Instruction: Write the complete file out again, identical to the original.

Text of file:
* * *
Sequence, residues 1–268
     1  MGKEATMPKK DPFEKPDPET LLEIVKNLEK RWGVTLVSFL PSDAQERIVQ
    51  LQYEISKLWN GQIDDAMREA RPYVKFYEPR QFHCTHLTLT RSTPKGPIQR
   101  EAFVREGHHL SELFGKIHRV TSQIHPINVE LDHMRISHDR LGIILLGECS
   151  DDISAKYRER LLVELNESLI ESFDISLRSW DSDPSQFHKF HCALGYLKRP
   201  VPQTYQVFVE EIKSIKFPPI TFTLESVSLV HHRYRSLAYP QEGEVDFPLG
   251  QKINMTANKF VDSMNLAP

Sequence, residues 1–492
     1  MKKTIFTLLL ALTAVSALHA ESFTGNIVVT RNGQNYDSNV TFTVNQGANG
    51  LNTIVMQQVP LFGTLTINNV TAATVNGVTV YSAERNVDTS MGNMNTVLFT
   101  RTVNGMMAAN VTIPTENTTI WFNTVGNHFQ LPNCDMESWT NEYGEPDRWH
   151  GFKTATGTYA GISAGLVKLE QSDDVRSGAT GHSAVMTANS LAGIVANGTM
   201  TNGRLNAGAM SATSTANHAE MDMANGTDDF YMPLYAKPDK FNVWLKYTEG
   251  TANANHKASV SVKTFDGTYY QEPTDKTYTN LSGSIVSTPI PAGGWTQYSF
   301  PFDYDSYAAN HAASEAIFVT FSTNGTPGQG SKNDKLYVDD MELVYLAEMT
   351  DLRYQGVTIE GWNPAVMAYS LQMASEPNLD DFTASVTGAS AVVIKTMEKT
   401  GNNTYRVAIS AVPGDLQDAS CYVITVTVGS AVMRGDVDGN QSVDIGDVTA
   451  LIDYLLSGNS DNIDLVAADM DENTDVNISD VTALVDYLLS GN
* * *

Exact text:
Sequence, residues 1–268
     1  MGKEATMPKK DPFEKPDPET LLEIVKNLEK RWGVTLVSFL PSDAQERIVQ
    51  LQYEISKLWN GQIDDAMREA RPYVKFYEPR QFHCTHLTLT RSTPKGPIQR
   101  EAFVREGHHL SELFGKIHRV TSQIHPINVE LDHMRISHDR LGIILLGECS
   151  DDISAKYRER LLVELNESLI ESFDISLRSW DSDPSQFHKF HCALGYLKRP
   201  VPQTYQVFVE EIKSIKFPPI TFTLESVSLV HHRYRSLAYP QEGEVDFPLG
   251  QKINMTANKF VDSMNLAP

Sequence, residues 1–492
     1  MKKTIFTLLL ALTAVSALHA ESFTGNIVVT RNGQNYDSNV TFTVNQGANG
    51  LNTIVMQQVP LFGTLTINNV TAATVNGVTV YSAERNVDTS MGNMNTVLFT
   101  RTVNGMMAAN VTIPTENTTI WFNTVGNHFQ LPNCDMESWT NEYGEPDRWH
   151  GFKTATGTYA GISAGLVKLE QSDDVRSGAT GHSAVMTANS LAGIVANGTM
   201  TNGRLNAGAM SATSTANHAE MDMANGTDDF YMPLYAKPDK FNVWLKYTEG
   251  TANANHKASV SVKTFDGTYY QEPTDKTYTN LSGSIVSTPI PAGGWTQYSF
   301  PFDYDSYAAN HAASEAIFVT FSTNGTPGQG SKNDKLYVDD MELVYLAEMT
   351  DLRYQGVTIE GWNPAVMAYS LQMASEPNLD DFTASVTGAS AVVIKTMEKT
   401  GNNTYRVAIS AVPGDLQDAS CYVITVTVGS AVMRGDVDGN QSVDIGDVTA
   451  LIDYLLSGNS DNIDLVAADM DENTDVNISD VTALVDYLLS GN